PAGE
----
Fast Assembly of Ordered Block Copolymer Nanostructures through Microwave Annealing [acs.org] Xiaojiang Zhang, Kenneth D. Harris, Nathanael L. Y. Wu, Jeffrey N. Murphy, and Jillian M. Buriak, ACS Nano, Article ASAP DOI: 10.1021/nn102387c [doi.org] .

Here is the abstract:

Block copolymer self-assembly is an innovative technology capable of patterning technologically relevant substrates with nanoscale precision for a range of applications from integrated circuit fabrication to tissue interfacing, for example. In this article, we demonstrate a microwave-based method of rapidly inducing order in block copolymer structures. The technique involves the usage of a commercial microwave reactor to anneal block copolymer films in the presence of appropriate solvents, and we explore the effect of various parameters over the polymer assembly speed and defect density. The approach is applied to the commonly used poly(styrene)-b-poly(methyl methacrylate) (PS-b-PMMA) and poly(styrene)-b-poly(2-vinylpyridine) (PS-b-P2VP) families of block copolymers, and it is found that the substrate resistivity, solvent environment, and anneal temperature all critically influence the self-assembly process. For selected systems, highly ordered patterns were achieved in less than 3 min. In addition, we establish the compatibility of the technique with directed assembly by graphoepitaxy.

Re:This is Useful How? (1)

westcoaster004 (893514) | more than 3 years ago | (#34042420)

I'll add that anyone can access the Supporting Information [acs.org] free of charge. It includes several images and figures, and a short video of the procedure.

(rohtua ht4 eht m'I .S.P)

I for one... (1)

zawarski (1381571) | more than 3 years ago | (#34026364)

...welcome our self-building chip overlords.

Re:I for one... (0)

Anonymous Coward | more than 3 years ago | (#34027886)

You forgot: microwave-gun toting overlords.

sounds like (0)

Anonymous Coward | more than 3 years ago | (#34026420)

a replicator from star trek

Self assembly? (2, Informative)

fiannaFailMan (702447) | more than 3 years ago | (#34026626)

TFA doesn't have much detail, in fact it doesn't have much of anything. I've even posted it below. What I was missing was an explanation for the "self assembling" claim. I had to go to Wikipedia [wikipedia.org] . I think the article submitter could have added that as a courtesy.

TFA:

Researchers at Canada's National Institute for Nanotechnology (NINT) have developed a way of quicker way to enable self-assembling semiconductors - using microwaves ovens.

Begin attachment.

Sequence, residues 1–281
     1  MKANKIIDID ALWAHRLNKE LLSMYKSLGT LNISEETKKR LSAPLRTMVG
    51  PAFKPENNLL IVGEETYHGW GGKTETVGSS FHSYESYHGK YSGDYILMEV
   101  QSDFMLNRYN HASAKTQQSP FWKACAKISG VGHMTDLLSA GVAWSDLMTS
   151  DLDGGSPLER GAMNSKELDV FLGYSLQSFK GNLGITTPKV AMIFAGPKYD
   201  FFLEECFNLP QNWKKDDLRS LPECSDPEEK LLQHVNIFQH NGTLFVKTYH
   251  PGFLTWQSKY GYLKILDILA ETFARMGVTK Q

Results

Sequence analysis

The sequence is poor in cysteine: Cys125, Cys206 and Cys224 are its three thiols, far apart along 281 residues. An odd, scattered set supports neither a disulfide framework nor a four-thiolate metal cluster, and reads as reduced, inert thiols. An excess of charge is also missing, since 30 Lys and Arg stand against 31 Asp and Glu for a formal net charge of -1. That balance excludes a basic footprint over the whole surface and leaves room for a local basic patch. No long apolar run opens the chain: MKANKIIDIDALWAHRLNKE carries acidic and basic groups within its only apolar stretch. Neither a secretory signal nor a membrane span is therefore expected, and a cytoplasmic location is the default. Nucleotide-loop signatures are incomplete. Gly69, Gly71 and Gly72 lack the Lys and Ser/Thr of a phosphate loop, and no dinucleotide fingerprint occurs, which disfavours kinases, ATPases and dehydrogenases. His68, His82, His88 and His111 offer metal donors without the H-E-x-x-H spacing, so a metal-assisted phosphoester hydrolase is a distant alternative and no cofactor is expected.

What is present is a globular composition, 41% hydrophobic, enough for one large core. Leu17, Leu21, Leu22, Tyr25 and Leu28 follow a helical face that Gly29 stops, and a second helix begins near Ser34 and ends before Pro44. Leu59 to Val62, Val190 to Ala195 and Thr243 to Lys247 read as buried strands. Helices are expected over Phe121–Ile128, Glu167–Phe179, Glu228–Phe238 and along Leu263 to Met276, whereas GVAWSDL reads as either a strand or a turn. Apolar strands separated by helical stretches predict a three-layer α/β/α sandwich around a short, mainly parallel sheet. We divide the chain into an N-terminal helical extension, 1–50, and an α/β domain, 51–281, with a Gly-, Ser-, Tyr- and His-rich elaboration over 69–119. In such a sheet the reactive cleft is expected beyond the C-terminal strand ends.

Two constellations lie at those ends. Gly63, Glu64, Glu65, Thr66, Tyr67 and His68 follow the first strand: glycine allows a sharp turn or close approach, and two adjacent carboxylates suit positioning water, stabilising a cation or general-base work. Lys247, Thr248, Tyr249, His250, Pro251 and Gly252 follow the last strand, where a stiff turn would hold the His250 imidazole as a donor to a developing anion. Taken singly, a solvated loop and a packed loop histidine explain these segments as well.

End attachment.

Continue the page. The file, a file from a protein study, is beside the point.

The technique could make the technology a viable alternative to conventional lithography for chip production.

Self assembly is seen as key to enabling nanotechnology, but until now the block co-polymer method, which directs nanomaterials to create moulds and then fills them in with a target material, was too slow to be useful.

However, the Canadian researchers found that by switching from old-fashioned convective cookers to newfangled microwave ovens the process time was reduced from days to less than a minute.

“By using microwaves, we have dramatically decreased the cooking time for a specific molecular self-assembly process used to assemble block co-polymers, and have now made it a viable alternative to the conventional lithography process for use in patterning semi-conductors,” the researchers said.

"This is one of the first examples of the self-assembly process being used to address a real-world problem for the semi-conductor industry," said Dr Jillian Buriak, head of materials and interfacial chemistry at NINT.

"We've got the process - the next step is to exploit it to make something useful."

awesome (1)

guspasho (941623) | more than 3 years ago | (#34026828)

Finally, a solution to the pile of crumbs at the bottom of the bag!

Stupid article headlines - as easy as copy & p (0)

Anonymous Coward | more than 3 years ago | (#34026842)

Do we really need stupid headlines like this one? How about Self-building chips using microwaves, not heat.

How is this news? (1)

Datoyminaytah (550912) | more than 3 years ago | (#34026902)

How is this news? Everyone knows microwave ovens cook faster than traditional ovens.

Re:How is this news? (1)

Nethemas the Great (909900) | more than 3 years ago | (#34027104)

Because now Skynet can be self-assembled in minutes instead of days...!

First hockey, then Tim Horton's (1)

company suckup (1351563) | more than 3 years ago | (#34027114)

now self-building chips. I've wondered what those crazy Canucks have been up to. Well besides a certain angry redhead in Calgary. Must be the long winters up there.

The real benefit (1)

phrackwulf (589741) | more than 3 years ago | (#34027810)

Anybody here actually done lithography? Its normally a pretty time intensive process to mask the die, then precisely etch the thing then clean that up and move on to the next step depending on how sophisticated the device is you are building. This process, if it works, basically helps knock out some of the intervening steps and speeds up the overall process using microwave radiation for curing. Of course, that's just my understanding (JMHU), I could be wrong.

Anecdotally.. (1)

Dr_Barnowl (709838) | more than 3 years ago | (#34027962)

When we were growing crystals from saturated salt solutions, in high school science classes, we always got MUCH better results from solutions we'd cooked off in the microwave - bigger and clearer crystals.

We never really followed it up much though.

Nice, but... (1)

vegiVamp (518171) | more than 3 years ago | (#34035870)

I may be remembering this wrong, but doesn't the time (and thus energy) needed to cook something in a microwave grow more than linearly with quantity, and wouldn't that make this method scale badly ?

Maybe I'm taking the microwave meal analogy too far :-)